Ways to Start MemoryScape
MemoryScape can debug programs that run in many different computing environments and which use many different parallel processing modes and systems. This section looks at few of the ways you can start MemoryScape.
In most cases, the command for starting MemoryScape looks like this:
memscape [ executable [ corefile ] ] [ options ]
where executable is the name of the executable file and corefile is the name of the core file that you want to examine.
Your environment may require you to start MemoryScape in another way. For example, if you are debugging an MPI program, you may need to invoke MemoryScape on mpirun. For an example, see Debugging an MPI Program and several other discussions in this chapter.
The following examples show different ways of starting MemoryScape:
Starting MemoryScape
Starts MemoryScape without loading a program or core file. You now select Add new program or Add parallel program to load a program.
Starting MemoryScape and Naming a program
memscape executable
Starts MemoryScape and loads the executable program.
Starting MemoryScape from TotalView
From TotalView, select the Tools menu item from the Root Window or the Debug menu item from the Process Window. Select the Open MemoryScape option.At launch, MemoryScape tries to interpret the state of TotalView and opens to the appropriate page, most likely the Home page. You can select the Memory Debugging Options page to turn memory debugging on or off, but if your program is running, you must kill it before the settings take effect.
Using core files
memscape executable corefile
Starts MemoryScape and loads the executable program and the corefile core file.
Passing arguments to the program
memscape executable -a args
Starts MemoryScape and passes all the arguments following the -a option to the executable program. When you use the -a option, you must enter it as the last MemoryScape option on the command line.
If you don’t use the -a option and you want to add arguments after MemoryScape loads your program, right click on the executable and select Properties.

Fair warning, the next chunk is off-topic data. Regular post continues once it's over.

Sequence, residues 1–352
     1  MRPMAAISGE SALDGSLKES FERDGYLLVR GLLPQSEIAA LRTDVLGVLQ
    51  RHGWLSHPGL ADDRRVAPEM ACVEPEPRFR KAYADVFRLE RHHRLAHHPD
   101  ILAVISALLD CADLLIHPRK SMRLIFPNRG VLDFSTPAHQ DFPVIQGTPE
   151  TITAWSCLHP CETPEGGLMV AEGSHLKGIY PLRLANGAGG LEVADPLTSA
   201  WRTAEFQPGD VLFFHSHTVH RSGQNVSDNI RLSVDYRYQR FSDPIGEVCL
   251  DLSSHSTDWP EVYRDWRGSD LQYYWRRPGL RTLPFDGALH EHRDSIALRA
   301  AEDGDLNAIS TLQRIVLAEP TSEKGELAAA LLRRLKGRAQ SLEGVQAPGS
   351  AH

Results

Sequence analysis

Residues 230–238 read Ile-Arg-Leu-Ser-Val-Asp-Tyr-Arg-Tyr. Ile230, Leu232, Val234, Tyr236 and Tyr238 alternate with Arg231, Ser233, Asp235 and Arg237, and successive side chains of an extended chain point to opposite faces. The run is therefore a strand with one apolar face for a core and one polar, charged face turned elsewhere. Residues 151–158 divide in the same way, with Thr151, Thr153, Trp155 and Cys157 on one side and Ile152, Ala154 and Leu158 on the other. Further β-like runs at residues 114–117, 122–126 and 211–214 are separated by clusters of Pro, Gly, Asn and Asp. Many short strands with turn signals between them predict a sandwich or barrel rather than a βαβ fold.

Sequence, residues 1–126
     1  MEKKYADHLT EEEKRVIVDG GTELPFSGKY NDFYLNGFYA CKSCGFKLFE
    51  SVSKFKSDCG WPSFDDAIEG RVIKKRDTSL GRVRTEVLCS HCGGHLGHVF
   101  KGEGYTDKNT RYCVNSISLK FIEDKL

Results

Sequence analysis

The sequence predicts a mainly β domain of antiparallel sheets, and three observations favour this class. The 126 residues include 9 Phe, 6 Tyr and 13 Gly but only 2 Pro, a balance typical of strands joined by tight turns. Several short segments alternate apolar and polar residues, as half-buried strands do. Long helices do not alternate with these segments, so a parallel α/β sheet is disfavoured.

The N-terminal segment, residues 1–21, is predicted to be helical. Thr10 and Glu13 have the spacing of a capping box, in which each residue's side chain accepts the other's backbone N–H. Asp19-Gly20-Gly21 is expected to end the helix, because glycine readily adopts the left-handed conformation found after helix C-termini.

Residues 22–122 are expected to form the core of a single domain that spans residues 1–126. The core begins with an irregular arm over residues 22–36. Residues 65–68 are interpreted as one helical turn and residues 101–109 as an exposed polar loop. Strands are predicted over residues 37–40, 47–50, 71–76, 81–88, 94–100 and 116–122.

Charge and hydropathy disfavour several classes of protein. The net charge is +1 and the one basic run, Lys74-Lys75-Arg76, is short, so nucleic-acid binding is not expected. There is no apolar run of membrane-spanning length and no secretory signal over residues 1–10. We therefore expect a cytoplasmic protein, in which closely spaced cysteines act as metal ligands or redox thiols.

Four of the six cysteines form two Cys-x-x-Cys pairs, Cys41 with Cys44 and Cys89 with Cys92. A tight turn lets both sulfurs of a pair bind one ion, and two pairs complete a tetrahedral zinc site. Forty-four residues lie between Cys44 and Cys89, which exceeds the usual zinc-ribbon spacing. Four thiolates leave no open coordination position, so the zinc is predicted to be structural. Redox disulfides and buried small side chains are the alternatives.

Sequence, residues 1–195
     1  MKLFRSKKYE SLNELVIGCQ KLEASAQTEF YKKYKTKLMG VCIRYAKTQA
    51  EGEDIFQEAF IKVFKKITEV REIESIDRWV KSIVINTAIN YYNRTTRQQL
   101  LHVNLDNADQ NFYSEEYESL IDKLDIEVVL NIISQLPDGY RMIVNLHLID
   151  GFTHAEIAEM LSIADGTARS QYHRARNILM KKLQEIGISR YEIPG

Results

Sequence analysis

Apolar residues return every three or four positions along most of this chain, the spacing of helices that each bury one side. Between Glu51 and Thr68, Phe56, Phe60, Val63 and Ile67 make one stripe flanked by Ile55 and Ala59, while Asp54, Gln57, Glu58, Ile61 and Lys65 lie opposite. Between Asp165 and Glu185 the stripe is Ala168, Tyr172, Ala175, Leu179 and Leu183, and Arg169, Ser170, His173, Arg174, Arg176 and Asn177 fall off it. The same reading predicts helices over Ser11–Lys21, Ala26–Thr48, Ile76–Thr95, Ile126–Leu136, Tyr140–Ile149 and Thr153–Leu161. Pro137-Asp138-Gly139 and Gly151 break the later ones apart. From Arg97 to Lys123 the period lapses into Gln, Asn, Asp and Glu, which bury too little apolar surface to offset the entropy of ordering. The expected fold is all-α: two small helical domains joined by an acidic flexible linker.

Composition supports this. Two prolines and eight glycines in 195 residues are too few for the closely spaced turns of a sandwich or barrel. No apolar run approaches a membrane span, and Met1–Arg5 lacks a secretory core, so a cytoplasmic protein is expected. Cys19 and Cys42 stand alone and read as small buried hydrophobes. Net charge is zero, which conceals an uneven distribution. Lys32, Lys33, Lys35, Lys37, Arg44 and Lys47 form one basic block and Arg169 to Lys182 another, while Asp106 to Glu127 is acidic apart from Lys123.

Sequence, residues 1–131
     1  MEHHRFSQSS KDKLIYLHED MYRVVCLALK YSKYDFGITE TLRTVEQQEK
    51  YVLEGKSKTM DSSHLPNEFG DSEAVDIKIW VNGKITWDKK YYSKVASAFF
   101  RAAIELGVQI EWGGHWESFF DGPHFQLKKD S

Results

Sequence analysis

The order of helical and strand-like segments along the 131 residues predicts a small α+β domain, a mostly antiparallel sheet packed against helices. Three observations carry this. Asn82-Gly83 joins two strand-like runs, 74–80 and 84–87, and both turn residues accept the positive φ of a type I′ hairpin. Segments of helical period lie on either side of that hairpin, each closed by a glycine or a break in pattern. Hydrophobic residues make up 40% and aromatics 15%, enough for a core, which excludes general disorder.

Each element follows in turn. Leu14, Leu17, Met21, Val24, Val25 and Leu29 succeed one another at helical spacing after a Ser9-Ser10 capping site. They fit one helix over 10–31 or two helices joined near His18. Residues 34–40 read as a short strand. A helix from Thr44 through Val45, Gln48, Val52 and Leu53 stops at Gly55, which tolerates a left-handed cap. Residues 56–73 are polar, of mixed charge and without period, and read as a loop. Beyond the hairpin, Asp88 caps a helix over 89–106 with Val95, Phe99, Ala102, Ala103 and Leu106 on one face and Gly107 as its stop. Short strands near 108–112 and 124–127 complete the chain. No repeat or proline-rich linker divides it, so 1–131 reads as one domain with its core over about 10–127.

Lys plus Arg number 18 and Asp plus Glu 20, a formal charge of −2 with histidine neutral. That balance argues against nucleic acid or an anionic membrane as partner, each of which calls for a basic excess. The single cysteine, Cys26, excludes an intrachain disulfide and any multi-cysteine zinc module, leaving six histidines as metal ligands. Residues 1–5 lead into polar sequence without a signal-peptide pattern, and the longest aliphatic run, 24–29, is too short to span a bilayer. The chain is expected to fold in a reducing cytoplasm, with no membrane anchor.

Debugging a program that runs on another computer
memscape executable -remote hostname_or_address[:port]
Starts MemoryScape on your local host and the TotalView Debugger Server (tvdsvr) on a remote host. After MemoryScape begins executing, it loads the program specified by executable for remote debugging. You can specify a host name or a TCP/IP address. If you need to, you can also enter the TCP/IP port number.
If MemoryScape fails to automatically load a remote executable, you may need to disable autolaunching for this connection and manually start the Debugger Server (tvdsvr). (Autolaunching is the process of automatically launching tvdsvr processes.) You can disable autolaunching by adding the hostname:portnumber suffix to the name you type in the Host field of the Add new program or Add parallel program screens. As always, the portnumber is the TCP/IP port number on which our server is communicating with MemoryScape. For more information on how to disable autolaunching, see “Starting the TotalView Server Manually” in the Classic TotalView User Guide.
Debugging an MPI Program
memscape executable
(method 1) In many cases, you start an MPI program in much the same way as you would any other program, but you need to set its properties. One way is to select the executable’s name from within MemoryScape, right-click for the context menu, and choose Properties. In the displayed dialog box, select the MPI version, in addition to other options.
mpirun -np count -tv executable
(method 2) The MPI mpirun command starts the MemoryScape pointed to by the TOTALVIEW environment variable. MemoryScape then starts your program. This program will run using count processes.
Attaching to Programs
If a program you’re testing is using too much memory, you can attach to it while it is running. You can attach to single and multiprocess programs, and these programs can be running remotely.
NOTE >> MemoryScape requires that all programs use the MemoryScape agent. In most cases, it does this behind the scenes before the program begins executing. However, it cannot do this for an already executing program or for a core file. So, just attaching to an already running program will not provide the information you need as the agent won’t be used. In some cases, you may want to add it by starting the program using the shell env command. However, the best alternative is to link the MemoryScape agent. For details, see Linking Your Application with the Agent.
To attach to a process, select the Attach to running program item from the Home | Add Program page.
NOTE >> When you exit from MemoryScape, it kills all programs and processes that it started. However, programs and processes that were executing before you brought them under MemoryScape’s control continue to execute.
If you want MemoryScape to automatically attach to programs that use fork() and execve(), you must use the MemoryScape dbfork library. However, programs that you manually attach to need not be linked with this library.